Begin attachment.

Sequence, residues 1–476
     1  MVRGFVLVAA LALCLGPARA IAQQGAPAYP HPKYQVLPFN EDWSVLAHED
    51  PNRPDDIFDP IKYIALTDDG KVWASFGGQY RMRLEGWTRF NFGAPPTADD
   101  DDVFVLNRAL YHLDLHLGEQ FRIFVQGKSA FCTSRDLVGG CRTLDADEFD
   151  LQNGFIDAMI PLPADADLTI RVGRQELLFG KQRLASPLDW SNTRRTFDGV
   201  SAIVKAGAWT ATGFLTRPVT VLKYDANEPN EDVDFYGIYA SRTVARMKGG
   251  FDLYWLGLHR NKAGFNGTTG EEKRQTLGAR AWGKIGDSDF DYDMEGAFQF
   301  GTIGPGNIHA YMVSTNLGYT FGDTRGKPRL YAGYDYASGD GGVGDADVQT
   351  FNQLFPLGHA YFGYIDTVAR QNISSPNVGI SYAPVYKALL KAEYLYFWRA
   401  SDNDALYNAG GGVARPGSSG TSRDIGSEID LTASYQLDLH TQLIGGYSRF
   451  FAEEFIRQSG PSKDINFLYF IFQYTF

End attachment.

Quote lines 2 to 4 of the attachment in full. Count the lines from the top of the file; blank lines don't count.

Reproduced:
     1  MVRGFVLVAA LALCLGPARA IAQQGAPAYP HPKYQVLPFN EDWSVLAHED
    51  PNRPDDIFDP IKYIALTDDG KVWASFGGQY RMRLEGWTRF NFGAPPTADD
   101  DDVFVLNRAL YHLDLHLGEQ FRIFVQGKSA FCTSRDLVGG CRTLDADEFD